While the business environment of the Twenty-first Century is less violent, this does not mean that it is financially safer. According to the Small Business Administration, around eighty percent (80%) of all small businesses fail. This simple statistic is far more significant that it might look at first glance. When this 80% failed, it forfeited life savings, retirement funds, family homes and billions of borrowed dollars like carrion for the vultures to pick over and consume. Lives have been ruined. People have been left with life-long indebtedness that took away their economic freedom reducing them to essentially indentured servants. Why is the failure rate so high? The explanation lies in the fact that the majority of small business start-ups simply lacked the knowledge, preparation and skill to succeed in what turned out to be a foreign and complex environment. Many believed that a good product idea was the only thing necessary to create a business empire only to find that a well-run product with a mediocre product can go much farther than a brilliant product in a weak business model. In short, starting and running a successful business is far more complicated and difficult than it looks. The good news is that most business skill is based on understanding rudimentary math and knowing how to understand the meaning of numbers.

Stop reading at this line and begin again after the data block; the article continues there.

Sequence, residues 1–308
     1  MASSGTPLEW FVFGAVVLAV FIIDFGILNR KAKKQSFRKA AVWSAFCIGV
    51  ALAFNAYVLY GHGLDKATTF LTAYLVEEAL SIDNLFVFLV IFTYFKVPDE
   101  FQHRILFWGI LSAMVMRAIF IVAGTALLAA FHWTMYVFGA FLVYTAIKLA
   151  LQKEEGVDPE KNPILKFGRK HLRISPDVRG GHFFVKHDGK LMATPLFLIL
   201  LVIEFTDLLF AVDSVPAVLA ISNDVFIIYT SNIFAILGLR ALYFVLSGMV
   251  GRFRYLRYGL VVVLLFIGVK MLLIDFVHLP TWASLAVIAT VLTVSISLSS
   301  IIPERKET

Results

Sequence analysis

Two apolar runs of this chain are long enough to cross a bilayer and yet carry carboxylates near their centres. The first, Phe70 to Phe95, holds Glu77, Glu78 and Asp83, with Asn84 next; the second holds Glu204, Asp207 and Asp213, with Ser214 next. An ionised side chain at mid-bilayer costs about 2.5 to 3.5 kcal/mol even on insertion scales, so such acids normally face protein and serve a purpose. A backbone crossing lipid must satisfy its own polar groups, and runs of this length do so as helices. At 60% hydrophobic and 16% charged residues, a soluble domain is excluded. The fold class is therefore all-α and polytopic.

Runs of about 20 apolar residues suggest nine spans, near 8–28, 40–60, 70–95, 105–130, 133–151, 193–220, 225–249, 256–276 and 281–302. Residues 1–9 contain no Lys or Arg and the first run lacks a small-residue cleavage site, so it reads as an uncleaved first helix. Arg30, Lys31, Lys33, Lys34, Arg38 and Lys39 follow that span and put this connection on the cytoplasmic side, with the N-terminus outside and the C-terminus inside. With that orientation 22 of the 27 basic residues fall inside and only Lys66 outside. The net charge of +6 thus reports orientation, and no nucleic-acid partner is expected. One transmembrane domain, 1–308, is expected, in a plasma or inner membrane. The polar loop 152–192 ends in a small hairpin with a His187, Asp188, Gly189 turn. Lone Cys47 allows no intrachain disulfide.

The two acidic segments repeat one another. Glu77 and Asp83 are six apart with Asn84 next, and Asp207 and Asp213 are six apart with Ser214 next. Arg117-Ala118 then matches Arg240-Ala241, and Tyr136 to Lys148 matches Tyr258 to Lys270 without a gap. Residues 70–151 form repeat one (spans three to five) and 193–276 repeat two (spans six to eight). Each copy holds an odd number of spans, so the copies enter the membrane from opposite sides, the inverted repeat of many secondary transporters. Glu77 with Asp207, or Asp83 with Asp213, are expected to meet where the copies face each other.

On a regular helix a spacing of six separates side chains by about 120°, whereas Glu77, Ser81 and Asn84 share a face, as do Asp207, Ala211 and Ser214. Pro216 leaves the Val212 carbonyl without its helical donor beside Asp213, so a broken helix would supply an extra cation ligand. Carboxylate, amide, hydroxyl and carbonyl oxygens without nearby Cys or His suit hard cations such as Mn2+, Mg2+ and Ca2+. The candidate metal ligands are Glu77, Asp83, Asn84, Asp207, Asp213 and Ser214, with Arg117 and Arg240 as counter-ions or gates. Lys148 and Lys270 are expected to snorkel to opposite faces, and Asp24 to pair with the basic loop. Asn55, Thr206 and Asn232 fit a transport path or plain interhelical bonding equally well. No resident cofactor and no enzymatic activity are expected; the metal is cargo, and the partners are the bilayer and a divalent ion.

Let’s take a look at some of the common cultural misconceptions and myths about starting your own business about that we hear about every day.
Myth #1: If You Have Passion And Faith You Will Be Successful.
Truth Bomb #1: Passion Can Motivate One To Acquire Knowledge And Skill, But Alone It Has Nominal Value.
Passion is good for one thing: motivation. It can motivate a person to delve deeply into a subject and this deep dive, over time, may ultimately lead one to develop expertise. One could say that passion is what has motivated most of the masters of any art. But let’s understand passion for what it is. It is the expertise that can be obtained through passion and not passion itself that makes success more likely – in any human activity. If an entrepreneur has passion that converts to expertise, then she is on her way to having one of the essential resources necessary for starting a successful business – skill. As a state of consciousness, skill lies beyond knowledge. It is a fusion of knowledge and experience that creates a third resource: intuition. It is the ability to intuitively master the expression of a complex subject matter, not just know about it. It is the difference between the knowledgeable art critic and the master artist.